Wallace moved on, and the exchange goes down as a classic example of a Sunday morning news show. Interviewee says what he or she wants to say whether true or false. Interviewer may or may not push back, often allowing a falsehood to roll into public consciousness masquerading as a truth.
United States Project
11:16 AM - August 31, 2012
Parsing Romney on healthcare
Chris Wallace gets a C minus
Who cares if it’s true? - Modern-day newsrooms reconsider their values
What Is Russia Today? - The Kremlin’s propaganda outlet has an identity crisis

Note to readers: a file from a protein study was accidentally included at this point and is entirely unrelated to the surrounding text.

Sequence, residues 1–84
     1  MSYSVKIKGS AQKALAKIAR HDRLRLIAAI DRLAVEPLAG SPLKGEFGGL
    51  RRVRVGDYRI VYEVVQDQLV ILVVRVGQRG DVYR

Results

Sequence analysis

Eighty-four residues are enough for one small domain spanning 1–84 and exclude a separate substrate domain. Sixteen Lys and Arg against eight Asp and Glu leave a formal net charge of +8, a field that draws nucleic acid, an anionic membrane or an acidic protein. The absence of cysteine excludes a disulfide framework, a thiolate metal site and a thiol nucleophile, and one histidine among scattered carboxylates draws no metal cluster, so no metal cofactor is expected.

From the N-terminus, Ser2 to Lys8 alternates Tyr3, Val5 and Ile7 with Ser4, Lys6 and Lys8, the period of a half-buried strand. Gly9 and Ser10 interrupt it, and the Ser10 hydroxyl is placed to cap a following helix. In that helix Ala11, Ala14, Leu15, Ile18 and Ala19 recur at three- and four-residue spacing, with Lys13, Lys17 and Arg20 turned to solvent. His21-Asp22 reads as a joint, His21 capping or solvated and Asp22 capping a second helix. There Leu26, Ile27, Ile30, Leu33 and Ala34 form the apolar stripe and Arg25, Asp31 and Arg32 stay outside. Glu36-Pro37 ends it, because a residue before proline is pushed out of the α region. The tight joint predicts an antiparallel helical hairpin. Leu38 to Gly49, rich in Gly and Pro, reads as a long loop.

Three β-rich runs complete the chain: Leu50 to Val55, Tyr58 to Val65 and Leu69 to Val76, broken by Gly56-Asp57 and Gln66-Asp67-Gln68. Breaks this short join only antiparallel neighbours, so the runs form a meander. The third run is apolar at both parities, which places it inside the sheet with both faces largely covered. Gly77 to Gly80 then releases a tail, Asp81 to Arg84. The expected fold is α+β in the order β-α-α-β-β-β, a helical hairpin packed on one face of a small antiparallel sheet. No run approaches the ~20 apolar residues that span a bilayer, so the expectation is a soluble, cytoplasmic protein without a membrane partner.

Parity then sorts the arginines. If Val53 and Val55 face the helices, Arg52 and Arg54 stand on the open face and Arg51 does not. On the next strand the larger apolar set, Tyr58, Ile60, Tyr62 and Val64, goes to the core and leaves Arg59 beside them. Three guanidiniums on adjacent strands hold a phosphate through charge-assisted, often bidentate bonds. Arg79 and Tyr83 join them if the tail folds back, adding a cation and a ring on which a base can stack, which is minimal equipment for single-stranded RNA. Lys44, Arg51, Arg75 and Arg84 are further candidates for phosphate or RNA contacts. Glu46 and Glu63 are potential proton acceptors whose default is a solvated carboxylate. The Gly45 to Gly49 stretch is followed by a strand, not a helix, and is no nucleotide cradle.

And from the left…Fox News - There’s more to Fox News’ strategy of hiring liberals than creating a public boxing match
Why Skype isn’t safe for journalists - Here are some alternatives for secure voice calls to use instead
Placing a bet on USA Today - Gannett has long felt the television model could translate into print. Now it’s using its flagship paper to double down on that idea.
Email blasts from CJR writers and editors
Maybe everything when that name is “Satoshi Nakamoto”
Here’s what happens when the readers choose the frontpage story
The numbers on the Daily Mail don’t add up
Conservation group calls for donations of small knitted jumpers for birds who have been caught in oil spills
Stunning timelapse of Yosemite National Park
Who Owns What
A report from the Columbia University Graduate School of Journalism
Questions and exercises for journalism students.